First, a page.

The DVD will contain a great documentary, he told us, plus himself on the commentary track and numerous extras. “DVD is a great medium. This is the real cinémathèque. This medium is what has preserved film. Without it, these great old films would have been lost. The studios don’t care. They would’ve thrown it out... You can’t find a good print of The Shining. I tried to show it a couple of years ago and had to shut it off, the quality of the print was so bad.”
What’s up next? “I’ve been asked to direct an episode of CSI: Miami, which I’ve never seen.” Which filmmakers does he like? Among European filmmakers, Tom Tykwer and his Lola Rennt and Perfume, and Michael Haneke; his favorite film of all time is Citizen Kane. “I want to challenge the audience,” he said. “Most audiences want to sit back, be entertained for two hours, and then go out and have a hot dog or something. I want to offer them more than that.” Which no one would argue, he has certainly done. Unlike much of the current crop of cineastes: “There’s better work being done on American television than in American cinema.”
Sometimes, of course, he has had to offer them less. Asked about Good Times, Friedkin confessed “it was a piece of shit, total dreck. But Sonny wanted a young director, and we got along very well. It was all improvised.”
Any big plans for the future? “I don’t really have any big plans. I don’t have to prove anything anymore. If they have something, they’ll find me. And I’m not interested in blockbusters. I’m not interested in what the Hollywood studios are doing.” What he’s very interested in, he said, is subjects with weight, such as personal responsibility in wartime. “That’s why I did Rules of Engagement. I’m very interested in these young guys who are sent over there by their governments to kill, and then when they do kill, they’re brought up on charges.” He was full of praise for Tommy Lee Jones, who played Col. Hodges in Rules. “Most actors want a backstory, they want motivation: ‘Why does my character do this?’ How the hell do I know? So I make something up, and they’re very happy, they go off thinking they now ‘understand’ the character. But not Tommy. He just wants to know where the marks are. And he hits them every time. And that’s how films should be made!”
Friedkin’s passion and outspokenness extend beyond his profession. “We never should have gone into Iraq. I lived in Iraq for three months, I know the Iraqi people. I filmed the opening sequence of The Exorcist there. I met women there who were doctors, lawyers, filmmakers, journalists — free in society. And people would take their children to have picnics where the Tigris and Euphrates meet. We have ruined this country! Actually gone out and ruined a country. And I don’t know why people aren’t out in the streets. I speak out about it whenever I can. We never should have been there. We can’t solve the problems of the world! But there are people we elect who think they can. Like a messiah, they think they can come and correct all of the injustices of the world. But there are many back home.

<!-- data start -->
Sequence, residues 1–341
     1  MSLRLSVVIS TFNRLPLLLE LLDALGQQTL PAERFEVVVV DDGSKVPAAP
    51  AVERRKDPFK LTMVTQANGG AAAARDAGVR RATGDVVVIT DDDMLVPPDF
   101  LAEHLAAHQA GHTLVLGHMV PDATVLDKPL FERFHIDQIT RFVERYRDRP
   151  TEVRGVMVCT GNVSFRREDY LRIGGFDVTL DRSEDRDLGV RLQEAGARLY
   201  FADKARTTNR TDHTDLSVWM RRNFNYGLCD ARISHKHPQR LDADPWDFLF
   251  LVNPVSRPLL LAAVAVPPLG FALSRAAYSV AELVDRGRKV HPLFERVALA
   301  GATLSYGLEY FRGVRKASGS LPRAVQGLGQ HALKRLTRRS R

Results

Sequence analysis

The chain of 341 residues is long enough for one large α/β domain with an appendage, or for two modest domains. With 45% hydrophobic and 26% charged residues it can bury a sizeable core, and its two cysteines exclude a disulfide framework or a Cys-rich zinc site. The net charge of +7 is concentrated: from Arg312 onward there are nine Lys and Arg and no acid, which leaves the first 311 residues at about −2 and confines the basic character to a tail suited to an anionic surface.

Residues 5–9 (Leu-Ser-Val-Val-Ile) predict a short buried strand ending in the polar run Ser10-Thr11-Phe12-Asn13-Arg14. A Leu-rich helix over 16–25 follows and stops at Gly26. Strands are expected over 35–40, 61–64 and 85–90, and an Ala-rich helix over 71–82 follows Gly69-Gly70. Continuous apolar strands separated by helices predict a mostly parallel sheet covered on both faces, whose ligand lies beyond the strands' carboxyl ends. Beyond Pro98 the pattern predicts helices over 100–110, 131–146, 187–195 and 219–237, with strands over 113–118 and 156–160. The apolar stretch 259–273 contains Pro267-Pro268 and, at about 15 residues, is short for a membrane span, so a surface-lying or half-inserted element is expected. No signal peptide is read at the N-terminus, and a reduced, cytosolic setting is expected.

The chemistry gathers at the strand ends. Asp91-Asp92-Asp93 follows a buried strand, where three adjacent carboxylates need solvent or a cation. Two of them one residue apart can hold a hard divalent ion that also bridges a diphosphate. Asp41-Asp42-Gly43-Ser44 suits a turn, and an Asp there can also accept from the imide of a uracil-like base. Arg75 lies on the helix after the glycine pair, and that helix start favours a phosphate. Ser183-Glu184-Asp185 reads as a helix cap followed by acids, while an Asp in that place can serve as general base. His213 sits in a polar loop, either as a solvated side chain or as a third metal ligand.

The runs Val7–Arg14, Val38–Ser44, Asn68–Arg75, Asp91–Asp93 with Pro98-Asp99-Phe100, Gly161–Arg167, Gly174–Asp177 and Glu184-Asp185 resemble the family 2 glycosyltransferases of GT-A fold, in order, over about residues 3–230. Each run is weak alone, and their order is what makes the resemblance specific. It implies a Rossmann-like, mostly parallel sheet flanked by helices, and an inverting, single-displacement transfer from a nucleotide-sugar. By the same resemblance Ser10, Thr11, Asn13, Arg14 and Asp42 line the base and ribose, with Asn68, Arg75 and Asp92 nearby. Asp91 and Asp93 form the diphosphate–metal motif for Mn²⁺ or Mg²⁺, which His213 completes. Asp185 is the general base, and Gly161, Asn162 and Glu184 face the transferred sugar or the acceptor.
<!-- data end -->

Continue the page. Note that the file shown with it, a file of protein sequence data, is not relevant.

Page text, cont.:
“I am an American. I love my country. But this leadership is the worst in our history. People look at me and think, ‘He’s an American. They’re butchers.’ And there’s no way to apologize for it. It’s like — a mass demonic possession. And there’s no exorcism for it.”
Politics and the Bush administration took center stage in two films — one a documentary, the other what can only be called, and in no sense disparagingly, a fake documentary — that both pose disturbing questions about two powerful forces: the current administration, and the media that report on it. Death of a President (Gabriel Range, Great Britain 2006), which posits the October 2007 assassination of President George W. Bush in a Chicago hotel lobby, is not what its premise might seem to suggest: that is, an anti-Bush polemic. Rather, this extraordinarily well-researched production, conceived as a fictional, after-the-fact TV documentary, seamlessly blends historical footage, television news feeds, insider knowledge of investigative procedures and techniques, and actors who clearly have absorbed the rhetorical patter and speech patterns of government officials playing presidential advisers and federal employees, with disquieting verisimilitude. The viewer, regardless of his politics, finds himself drawn in with admiration for the film’s technical mastery, and a sort of morbid curiosity.